I think that story speaks volumes about many people’s attitude towards guns in this country. And it’s also the reason why no constitutional scholar will ever convince gun rights advocates that their ownership of guns should be limited, or in any way restricted. The reason why that woman, and many others like her want guns is not because it’s one of their constitutional rights, but because they want something which will stop them from being afraid. Guns are the new pacifier for many adults around this country! What else explains some of the logic used to defend gun rights? Protection from a home invasion for example. Will any of those women or their octogenarian friends have the clear thinking and hand dexterity to load their weapon, turn the safety off, and fire with accuracy should someone illegally enter their house? Worse, and possibly more likely, is that they wake up in a confused state, just like most people, and make a bad decision which results in tragedy.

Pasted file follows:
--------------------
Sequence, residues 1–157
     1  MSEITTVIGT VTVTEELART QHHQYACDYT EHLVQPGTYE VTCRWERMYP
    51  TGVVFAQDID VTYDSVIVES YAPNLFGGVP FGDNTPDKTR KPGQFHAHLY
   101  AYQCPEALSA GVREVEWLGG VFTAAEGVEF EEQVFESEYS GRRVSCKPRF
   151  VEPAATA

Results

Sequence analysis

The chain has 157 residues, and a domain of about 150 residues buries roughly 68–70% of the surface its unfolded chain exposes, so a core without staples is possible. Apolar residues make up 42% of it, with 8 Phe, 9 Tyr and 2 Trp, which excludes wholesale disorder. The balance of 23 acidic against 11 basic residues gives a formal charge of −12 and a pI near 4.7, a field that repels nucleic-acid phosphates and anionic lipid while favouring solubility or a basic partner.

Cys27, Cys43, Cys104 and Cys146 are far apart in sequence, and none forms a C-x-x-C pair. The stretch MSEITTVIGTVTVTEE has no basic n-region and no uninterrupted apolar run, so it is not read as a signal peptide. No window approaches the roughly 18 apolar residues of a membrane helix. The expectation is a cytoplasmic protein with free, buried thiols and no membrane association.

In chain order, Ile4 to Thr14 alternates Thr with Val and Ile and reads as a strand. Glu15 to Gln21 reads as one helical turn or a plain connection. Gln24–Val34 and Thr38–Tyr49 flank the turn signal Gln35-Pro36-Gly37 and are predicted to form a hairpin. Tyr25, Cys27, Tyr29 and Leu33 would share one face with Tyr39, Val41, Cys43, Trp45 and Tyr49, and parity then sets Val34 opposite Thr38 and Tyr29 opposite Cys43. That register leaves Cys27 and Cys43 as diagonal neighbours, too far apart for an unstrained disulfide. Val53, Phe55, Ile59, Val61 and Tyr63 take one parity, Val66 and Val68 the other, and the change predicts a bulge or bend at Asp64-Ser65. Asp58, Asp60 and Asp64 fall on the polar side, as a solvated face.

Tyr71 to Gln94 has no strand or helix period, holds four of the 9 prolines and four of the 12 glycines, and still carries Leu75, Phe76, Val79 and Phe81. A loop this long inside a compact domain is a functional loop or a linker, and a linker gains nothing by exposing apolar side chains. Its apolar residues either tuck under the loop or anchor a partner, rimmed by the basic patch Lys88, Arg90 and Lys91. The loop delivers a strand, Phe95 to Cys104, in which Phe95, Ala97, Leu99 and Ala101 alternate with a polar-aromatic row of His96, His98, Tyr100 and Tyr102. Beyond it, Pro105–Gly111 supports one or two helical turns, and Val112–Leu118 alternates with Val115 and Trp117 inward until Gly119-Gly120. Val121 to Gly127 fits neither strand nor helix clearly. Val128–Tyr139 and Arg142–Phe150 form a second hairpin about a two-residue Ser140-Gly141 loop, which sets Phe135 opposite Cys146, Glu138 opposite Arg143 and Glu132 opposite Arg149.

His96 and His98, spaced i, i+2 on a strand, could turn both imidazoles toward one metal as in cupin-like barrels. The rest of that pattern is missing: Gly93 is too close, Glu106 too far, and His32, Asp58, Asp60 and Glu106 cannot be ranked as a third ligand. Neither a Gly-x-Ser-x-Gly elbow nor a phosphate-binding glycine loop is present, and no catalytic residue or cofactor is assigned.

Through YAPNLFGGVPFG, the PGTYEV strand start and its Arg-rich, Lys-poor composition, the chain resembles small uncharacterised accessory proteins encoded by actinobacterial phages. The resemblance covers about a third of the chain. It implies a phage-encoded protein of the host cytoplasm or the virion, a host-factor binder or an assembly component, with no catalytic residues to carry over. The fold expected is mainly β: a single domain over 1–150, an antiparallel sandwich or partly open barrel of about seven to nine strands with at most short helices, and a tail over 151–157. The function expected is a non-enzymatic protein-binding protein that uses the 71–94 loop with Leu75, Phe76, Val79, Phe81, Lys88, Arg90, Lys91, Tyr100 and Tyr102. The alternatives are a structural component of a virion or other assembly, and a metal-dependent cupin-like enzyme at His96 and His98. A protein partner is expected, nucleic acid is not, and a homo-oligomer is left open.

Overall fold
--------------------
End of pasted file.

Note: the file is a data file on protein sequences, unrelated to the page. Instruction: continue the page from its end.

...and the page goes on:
Like pacifiers, a gun will allay some fears but not teach us how to deal with the root of the problem: what’s causing our fears and the faith we put in material items to solve them. This is not a new psychology for Americans. During and after the Vietnam War ended, some cultural observers noticed that there was a correlation between the U.S.’ increasing reliance on the latest technology (ie. Agent Orange ) to defeat the Vietnamese forces, and the use of greater and greater technology in James Bond films. In the first Bond film, Dr. No, the evil antagonist has a flame throwing tank but Bond relied on his small Walther PPK hand gun and some nifty fighting skills to defeat the bad guys. Three years later (1964) Bond was relying on cars with ejector seats and machine guns in Goldfinger. By 1971, Bond was driving space vehicles in an effort to defeat the evil Blofeld who built a Star Wars type laser system. All of this while the United States was pouring more and more money and man-hours into creating military technology which would end the war in Vietnam.